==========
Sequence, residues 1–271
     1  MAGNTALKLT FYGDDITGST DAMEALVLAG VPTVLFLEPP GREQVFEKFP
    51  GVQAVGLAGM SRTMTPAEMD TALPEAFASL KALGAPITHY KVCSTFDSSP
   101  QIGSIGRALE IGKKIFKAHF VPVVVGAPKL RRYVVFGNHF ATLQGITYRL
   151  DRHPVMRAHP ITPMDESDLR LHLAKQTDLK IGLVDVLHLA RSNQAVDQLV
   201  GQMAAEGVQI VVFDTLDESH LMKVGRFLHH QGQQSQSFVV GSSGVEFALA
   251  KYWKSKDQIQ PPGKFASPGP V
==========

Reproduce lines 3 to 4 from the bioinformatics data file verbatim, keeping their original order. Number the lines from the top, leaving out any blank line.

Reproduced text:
    51  GVQAVGLAGM SRTMTPAEMD TALPEAFASL KALGAPITHY KVCSTFDSSP
   101  QIGSIGRALE IGKKIFKAHF VPVVVGAPKL RRYVVFGNHF ATLQGITYRL